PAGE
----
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Optics Express

Optics Express

  • Editor: C. Martijn de Sterke
  • Vol. 17, Iss. 15 — Jul. 20, 2009
  • pp: 13031–13039
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Distributed feedback ring resonators for vertically emitting terahertz quantum cascade lasers

Lukas Mahler, Maria I. Amanti, Christoph Walther, Alessandro Tredicucci, Fabio Beltram, Jérôme Faist, Harvey E. Beere, and David A. Ritchie  »View Author Affiliations


Optics Express, Vol. 17, Issue 15, pp. 13031-13039 (2009)
http://dx.doi.org/10.1364/OE.17.013031


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Abstract

We present distributed-feedback Terahertz quantum cascade lasers operating in a double-metal ring waveguide. High power collimated emission in a single spectral mode is observed in the vertical direction. A double-slit configuration is employed to achieve both good electrical contacts and efficient power out-coupling. The optical properties of the devices are interpreted with the aid of finite element simulations.

© 2009 OSA

1. Introduction

2. Modeling

For the design of the ring resonator, we use a commercial finite element solver (Comsol Multiphysics) to solve Maxwell’s equation formulated as an eigenfrequency problem. A full three dimensional simulation is beyond the presently available computational power, not only because we consider resonators extending over many wavelengths (1mm vs. 30 μm), but also because THz QCLs use metallic layers for mode confinement, which are typically three orders of magnitude thinner than the free-space wavelength. Thus, the eigenfrequencies are here computed for a segment of the ring corresponding to one period, and, furthermore, the metallic layers are only taken into account through appropriately shaped boundaries, similarly to the simplification described in [19

19. L. Mahler, A. Tredicucci, F. Beltram, C. Walther, H. E. Beere, and D. A. Ritchie, “Finite size effects in surface emitting Terahertz quantum cascade lasers,” Opt. Express 17(8), 6703–6709 (2009). [CrossRef] [PubMed]

]. While this is useful for the design of the ring and grating in the top metallization, obviously it does not yield the eigenmodes with different periodicity or non-circular symmetry. For the latter, one would need to apply periodic boundary conditions with a non-zero phase. To compute the far-field, we extract both the magnetic and the electric near-field in a plane of the segment 2 µm above the grating, reconstruct the full near-field of the device with linear transformations, and apply the Stratton-Chu formula to obtain the far-field.

3. Fabrication and measurements

Devices were fabricated from the same wafer used in [19

19. L. Mahler, A. Tredicucci, F. Beltram, C. Walther, H. E. Beere, and D. A. Ritchie, “Finite size effects in surface emitting Terahertz quantum cascade lasers,” Opt. Express 17(8), 6703–6709 (2009). [CrossRef] [PubMed]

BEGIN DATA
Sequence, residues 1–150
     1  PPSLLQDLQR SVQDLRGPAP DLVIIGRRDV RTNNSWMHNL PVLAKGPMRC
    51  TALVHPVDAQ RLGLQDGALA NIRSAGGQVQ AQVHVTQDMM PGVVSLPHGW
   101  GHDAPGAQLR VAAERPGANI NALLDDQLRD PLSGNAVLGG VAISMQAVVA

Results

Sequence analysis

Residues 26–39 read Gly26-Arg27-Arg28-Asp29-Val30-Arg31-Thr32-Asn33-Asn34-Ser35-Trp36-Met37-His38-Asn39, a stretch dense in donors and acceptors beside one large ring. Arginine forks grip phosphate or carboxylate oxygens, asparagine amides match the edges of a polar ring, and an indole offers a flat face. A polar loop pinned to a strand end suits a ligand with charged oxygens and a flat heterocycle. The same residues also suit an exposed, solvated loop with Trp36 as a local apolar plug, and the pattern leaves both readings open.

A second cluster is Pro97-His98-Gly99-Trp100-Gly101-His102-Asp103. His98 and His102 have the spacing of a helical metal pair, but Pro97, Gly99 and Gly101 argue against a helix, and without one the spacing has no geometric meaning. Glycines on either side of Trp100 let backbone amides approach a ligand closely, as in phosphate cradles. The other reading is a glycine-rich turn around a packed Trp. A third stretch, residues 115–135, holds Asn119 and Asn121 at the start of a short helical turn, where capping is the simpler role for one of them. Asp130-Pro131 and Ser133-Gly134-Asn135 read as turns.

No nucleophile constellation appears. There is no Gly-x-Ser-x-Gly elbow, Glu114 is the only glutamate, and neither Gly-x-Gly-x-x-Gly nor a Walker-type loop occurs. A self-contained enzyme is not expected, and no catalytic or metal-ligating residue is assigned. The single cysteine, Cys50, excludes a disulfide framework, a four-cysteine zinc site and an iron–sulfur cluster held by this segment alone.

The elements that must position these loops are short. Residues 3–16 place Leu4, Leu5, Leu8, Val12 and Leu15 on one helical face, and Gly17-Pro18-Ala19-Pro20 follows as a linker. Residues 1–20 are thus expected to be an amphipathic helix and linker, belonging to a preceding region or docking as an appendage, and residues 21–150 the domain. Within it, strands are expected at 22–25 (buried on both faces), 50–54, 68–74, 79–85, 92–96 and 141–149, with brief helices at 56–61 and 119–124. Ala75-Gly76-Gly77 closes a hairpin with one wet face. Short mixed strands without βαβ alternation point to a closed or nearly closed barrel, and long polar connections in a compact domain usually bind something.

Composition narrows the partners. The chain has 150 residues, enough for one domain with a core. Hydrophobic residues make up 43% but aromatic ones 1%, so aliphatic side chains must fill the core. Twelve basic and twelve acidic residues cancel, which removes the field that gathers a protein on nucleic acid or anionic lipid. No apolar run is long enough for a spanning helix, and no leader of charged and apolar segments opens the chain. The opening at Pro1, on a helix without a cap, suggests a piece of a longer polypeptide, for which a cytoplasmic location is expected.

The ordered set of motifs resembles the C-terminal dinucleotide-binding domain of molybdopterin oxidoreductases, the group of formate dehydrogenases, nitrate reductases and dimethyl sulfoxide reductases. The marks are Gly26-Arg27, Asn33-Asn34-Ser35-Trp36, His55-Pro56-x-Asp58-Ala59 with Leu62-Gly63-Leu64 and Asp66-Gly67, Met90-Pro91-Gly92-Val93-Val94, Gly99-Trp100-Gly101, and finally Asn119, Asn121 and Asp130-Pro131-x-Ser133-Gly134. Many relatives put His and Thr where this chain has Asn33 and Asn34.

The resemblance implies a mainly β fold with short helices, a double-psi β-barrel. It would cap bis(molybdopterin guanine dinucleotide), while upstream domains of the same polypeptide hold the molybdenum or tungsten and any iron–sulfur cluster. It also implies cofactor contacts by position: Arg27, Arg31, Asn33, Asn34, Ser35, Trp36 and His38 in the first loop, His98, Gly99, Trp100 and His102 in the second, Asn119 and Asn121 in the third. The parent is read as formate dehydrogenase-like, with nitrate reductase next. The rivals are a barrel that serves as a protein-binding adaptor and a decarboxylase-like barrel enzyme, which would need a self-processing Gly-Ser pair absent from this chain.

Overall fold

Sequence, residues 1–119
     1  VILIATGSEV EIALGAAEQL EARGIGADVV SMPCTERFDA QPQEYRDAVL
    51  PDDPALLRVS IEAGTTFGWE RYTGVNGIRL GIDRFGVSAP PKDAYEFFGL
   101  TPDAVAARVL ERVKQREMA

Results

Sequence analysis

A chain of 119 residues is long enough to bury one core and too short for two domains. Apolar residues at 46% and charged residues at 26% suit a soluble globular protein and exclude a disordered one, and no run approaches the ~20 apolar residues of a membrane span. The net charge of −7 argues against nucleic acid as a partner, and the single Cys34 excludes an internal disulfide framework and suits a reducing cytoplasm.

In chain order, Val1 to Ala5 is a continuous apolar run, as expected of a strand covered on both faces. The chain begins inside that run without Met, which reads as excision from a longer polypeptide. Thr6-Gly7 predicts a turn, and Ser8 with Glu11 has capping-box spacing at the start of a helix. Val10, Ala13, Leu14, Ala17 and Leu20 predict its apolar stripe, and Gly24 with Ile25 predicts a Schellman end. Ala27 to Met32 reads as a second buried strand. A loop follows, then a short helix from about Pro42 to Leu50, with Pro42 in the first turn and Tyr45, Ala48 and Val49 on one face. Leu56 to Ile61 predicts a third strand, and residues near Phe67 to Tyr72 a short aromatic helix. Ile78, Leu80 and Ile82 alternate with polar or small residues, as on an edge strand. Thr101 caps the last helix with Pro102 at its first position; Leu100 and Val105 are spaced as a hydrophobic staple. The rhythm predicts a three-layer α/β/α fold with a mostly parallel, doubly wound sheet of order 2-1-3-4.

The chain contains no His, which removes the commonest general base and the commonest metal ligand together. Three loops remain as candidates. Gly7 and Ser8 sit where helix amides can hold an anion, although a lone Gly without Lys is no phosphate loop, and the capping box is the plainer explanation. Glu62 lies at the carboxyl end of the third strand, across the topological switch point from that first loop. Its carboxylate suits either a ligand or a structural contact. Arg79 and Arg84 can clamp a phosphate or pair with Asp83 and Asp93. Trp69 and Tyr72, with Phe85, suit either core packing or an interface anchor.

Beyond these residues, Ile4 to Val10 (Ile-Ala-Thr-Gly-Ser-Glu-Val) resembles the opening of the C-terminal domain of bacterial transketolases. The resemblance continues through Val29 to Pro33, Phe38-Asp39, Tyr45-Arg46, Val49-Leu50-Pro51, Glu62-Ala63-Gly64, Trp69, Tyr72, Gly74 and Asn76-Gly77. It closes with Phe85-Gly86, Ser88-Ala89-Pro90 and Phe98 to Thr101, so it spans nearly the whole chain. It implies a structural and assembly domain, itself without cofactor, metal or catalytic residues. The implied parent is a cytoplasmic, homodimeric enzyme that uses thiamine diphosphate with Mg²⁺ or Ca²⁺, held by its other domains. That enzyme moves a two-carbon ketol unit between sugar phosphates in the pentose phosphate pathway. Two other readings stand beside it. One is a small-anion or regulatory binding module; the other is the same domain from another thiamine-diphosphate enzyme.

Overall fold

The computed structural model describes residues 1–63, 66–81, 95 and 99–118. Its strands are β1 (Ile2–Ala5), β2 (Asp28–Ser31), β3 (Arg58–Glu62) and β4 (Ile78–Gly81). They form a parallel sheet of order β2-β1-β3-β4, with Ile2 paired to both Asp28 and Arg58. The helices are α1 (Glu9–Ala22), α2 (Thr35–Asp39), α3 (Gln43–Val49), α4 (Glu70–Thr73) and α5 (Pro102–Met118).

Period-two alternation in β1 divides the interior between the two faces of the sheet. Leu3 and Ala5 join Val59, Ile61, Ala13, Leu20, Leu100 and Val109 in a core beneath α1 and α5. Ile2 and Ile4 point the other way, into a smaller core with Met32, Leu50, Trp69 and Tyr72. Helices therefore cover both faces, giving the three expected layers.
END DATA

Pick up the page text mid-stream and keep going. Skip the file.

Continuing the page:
,20

20. L. Mahler, A. Tredicucci, F. Beltram, C. Walther, J. Faist, B. Witzigmann, H. E. Beere, and D. A. Ritchie, “Vertically emitting microdisk lasers,” Nat. Photonics 3(1), 46–49 (2008). [CrossRef]

], a 200 stage resonant-phonon structure. The wafer and a doped host substrate were covered with 10/300 nm of Ti/Au and wafer bonded using a thermo-compression method. The original substrate was then removed by a combination of lapping and etching. Rings of various diameters (910 to 1020 μm) were fabricated by optical lithography and lift-off in a thermally evaporated Ti/Au metallization. The top contact in the slit region was etched with a H3PO4/H2O2/H2O 3/1/50 solution with the metal as a self-aligned mask and a circular resist mask to maintain the contact layer on the inner circumference of the ring as an absorber. The use of Ti as an adhesion layer is crucial in order to prevent fast etching along the metal-semiconductor interface and thus metal lift-off. The ring mesas are etched with inductively coupled plasma (ICP), using a gas mixture of BCl3/Cl2/Ar with a photoresist mask and a Si carrier wafer. After substrate thinning, devices were soldered to copper bars with an In/Ag alloy and wire bonded. The number of bonds is a trade-off between uniform pumping and introduction of defects into the grating structure. We observed a dual mode spectrum in some devices with two bonds, which then became single mode upon adding another two bonds. This could be a consequence of non-uniform current densities along the ring. An alternative explanation could be that the bonds introduce additional defects into the grating structure and therefore change the spectral properties of the resonator. In future devices, the additional bond wires could simply be avoided by fabricating a thicker top metallization, which was only ~5/50 nm of Ti/Au in the present devices. Finally, devices were mounted on the cold finger of a continuous-flow liquid-helium cryostat for the measurement. Spectra were recorded with an f/1 Picarin lens and a Fourier transform infrared spectrometer in rapid scan mode, with a DTGS detector, and at the maximum resolution of 0.125 cm−1. Light-current curves were obtained with a Golay-cell with a 6 mm diameter PE-window positioned 30 mm away from the device surface (resulting in a maximum collection angle of ~6° from the vertical), while the devices were driven with an Avtech AVR-3HF-B power supply with a 35 Ω resistor in series. No collection optics was employed. The far-fields were obtained by spherically scanning a pyroelectric detector of 1 mm2 size at a distance of ~8 cm, while the device was driven with an Agilent 8114A and a transformer for impedance matching. The 25 mm diameter cryostat window was located 25 mm from the sample, equivalent to a maximum accessible angle of 26.5° with respect to the device axis.